Jordan meets ex-Charlotte Hornets players, unveils new logo – PHOTO


Michael Jordan, the owner of the Charlotte Bobcats said the  team will switch to purple and teal as its main colors when it changes its name to the Hornets next season.

Well, on Dec. 21, at halftime of Saturday’s home loss to the Utah Jazz, Jordan moved to center court to unveil the new face of the Charlotte Hornets. The slightly modified logo was unveiled in presence of former Charlotte Hornets players, Tyrone “Muggsy” Bogues and Rex Chapman.

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Via a press release, the team explained the impetus behind the new designs: The primary logo utilizes the purple and teal color palette and features an aggressive-looking hornet that is ready to attack. Its piercing eyes, raised antennae, expanded wings and pointed stinger depict its relentless intensity.

Incorporated within the logo is a basketball that doubles as the hornet’s body. The Charlotte Hornets wordmark is written across the insect. The logo contains several odes to that of the original Hornets with its white wings, white accents within its eyes, a stinger and the inclusion of a basketball.

The logo represents several characteristics of actual hornets, including their swarming and attacking nature, along with their fierceness and relentlessness when protecting their nests.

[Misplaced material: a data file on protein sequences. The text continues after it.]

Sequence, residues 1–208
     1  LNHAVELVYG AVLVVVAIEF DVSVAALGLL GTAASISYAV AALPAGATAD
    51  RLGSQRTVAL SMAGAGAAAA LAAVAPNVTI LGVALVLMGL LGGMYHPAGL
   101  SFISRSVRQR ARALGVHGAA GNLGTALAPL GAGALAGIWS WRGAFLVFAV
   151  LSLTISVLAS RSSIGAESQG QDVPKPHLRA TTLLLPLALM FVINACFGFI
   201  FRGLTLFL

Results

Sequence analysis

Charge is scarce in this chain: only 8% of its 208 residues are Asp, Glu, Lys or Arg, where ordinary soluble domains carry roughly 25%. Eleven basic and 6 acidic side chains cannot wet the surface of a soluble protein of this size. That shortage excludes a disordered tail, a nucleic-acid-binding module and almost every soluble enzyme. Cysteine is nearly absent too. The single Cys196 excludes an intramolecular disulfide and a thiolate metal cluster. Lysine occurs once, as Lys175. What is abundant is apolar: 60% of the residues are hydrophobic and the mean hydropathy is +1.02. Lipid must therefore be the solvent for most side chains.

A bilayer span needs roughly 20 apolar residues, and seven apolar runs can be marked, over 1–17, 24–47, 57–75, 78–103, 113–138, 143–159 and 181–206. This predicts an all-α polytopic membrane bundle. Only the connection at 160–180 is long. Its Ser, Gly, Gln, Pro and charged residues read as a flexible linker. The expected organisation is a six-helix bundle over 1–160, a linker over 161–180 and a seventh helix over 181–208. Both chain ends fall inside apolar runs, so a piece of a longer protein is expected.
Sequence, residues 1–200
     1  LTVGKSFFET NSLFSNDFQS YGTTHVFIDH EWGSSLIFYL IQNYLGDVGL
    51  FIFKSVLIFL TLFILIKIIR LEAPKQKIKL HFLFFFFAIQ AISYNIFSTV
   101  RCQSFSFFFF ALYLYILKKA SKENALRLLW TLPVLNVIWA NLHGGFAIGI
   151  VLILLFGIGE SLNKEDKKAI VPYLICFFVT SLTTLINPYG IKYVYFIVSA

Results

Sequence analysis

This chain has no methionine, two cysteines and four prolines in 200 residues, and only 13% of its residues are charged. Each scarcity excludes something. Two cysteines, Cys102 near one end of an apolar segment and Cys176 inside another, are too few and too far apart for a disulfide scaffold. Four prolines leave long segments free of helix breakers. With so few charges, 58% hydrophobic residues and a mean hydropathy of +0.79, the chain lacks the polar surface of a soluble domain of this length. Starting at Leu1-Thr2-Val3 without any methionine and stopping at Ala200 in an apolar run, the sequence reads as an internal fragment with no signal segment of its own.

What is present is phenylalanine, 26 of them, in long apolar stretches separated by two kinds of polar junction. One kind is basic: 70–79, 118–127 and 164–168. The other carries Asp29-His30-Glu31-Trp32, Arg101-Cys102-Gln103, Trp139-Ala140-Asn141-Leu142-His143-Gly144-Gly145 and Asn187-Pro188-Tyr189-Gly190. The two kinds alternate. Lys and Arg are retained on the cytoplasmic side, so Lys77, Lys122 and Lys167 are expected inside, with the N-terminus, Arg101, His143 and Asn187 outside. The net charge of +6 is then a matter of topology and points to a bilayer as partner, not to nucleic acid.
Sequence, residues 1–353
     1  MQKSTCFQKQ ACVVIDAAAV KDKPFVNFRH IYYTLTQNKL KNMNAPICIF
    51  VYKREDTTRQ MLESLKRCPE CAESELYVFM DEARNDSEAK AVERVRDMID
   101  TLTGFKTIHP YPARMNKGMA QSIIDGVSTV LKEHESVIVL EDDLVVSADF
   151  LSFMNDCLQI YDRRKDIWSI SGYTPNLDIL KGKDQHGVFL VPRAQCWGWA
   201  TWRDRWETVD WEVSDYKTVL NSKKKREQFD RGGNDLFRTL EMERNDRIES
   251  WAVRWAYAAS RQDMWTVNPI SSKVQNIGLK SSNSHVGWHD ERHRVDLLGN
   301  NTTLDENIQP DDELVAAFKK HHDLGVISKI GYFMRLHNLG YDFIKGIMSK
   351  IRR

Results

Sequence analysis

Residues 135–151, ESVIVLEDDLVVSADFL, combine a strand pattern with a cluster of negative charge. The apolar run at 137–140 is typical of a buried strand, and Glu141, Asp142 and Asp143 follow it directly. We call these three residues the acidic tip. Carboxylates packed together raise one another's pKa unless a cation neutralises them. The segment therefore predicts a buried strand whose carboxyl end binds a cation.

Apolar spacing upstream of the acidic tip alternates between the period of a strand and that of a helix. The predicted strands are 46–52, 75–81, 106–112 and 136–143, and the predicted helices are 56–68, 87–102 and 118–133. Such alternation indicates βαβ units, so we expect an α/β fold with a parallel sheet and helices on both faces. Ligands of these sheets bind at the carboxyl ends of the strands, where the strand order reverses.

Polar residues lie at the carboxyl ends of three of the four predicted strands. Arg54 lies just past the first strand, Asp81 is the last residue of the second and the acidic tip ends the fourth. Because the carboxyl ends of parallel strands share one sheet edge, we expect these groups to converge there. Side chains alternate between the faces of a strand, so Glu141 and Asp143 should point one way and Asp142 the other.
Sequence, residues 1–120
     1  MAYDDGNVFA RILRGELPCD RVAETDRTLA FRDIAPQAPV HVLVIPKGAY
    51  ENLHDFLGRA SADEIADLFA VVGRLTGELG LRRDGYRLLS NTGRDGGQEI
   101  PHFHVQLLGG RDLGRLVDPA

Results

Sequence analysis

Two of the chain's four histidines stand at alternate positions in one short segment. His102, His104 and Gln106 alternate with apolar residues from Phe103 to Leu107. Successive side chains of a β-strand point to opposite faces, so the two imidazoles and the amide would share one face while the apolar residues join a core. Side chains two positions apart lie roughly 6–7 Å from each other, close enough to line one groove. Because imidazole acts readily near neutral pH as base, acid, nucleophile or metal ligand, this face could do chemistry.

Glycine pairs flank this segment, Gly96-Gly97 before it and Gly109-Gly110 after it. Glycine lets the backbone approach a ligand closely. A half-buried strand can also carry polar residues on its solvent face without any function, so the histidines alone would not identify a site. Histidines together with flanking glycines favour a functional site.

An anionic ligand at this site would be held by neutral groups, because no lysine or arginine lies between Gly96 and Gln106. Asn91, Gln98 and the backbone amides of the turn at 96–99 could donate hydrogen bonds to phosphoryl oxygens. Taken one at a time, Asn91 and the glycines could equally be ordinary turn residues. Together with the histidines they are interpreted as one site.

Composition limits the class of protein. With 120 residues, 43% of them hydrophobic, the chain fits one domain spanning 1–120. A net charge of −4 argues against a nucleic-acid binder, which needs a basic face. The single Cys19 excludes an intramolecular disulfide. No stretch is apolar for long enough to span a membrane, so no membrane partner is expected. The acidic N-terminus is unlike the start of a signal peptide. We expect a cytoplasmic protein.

These same characteristics connect with the city of Charlotte itself. The city’s rebelliousness, aggressiveness and protective attributes date to the Revolutionary War when British commander General Cornwallis referred to Charlotte as “a hornet’s nest of rebellion.

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The basketball-crazed city fell in love with the franchise that arrived in 1988. Even when the team stunk, fans showed up and made noise. And after a few years, the Hornets actually got good.

Fans sold out the 24,000-plus seat Charlotte Coliseum for 364 consecutive games as the team with the iconic teal-and-purple color scheme won games with Alonzo Mourning, Larry Johnson and Muggsy Bogues.

But then it fell apart. Johnson hurt his back, Mourning took his talents to South Beach and the city grew frustrated with owner George Shinn, who became involved in a sexual assault trial involving a Hornets cheerleader and later made demands on the city to build a new arena.

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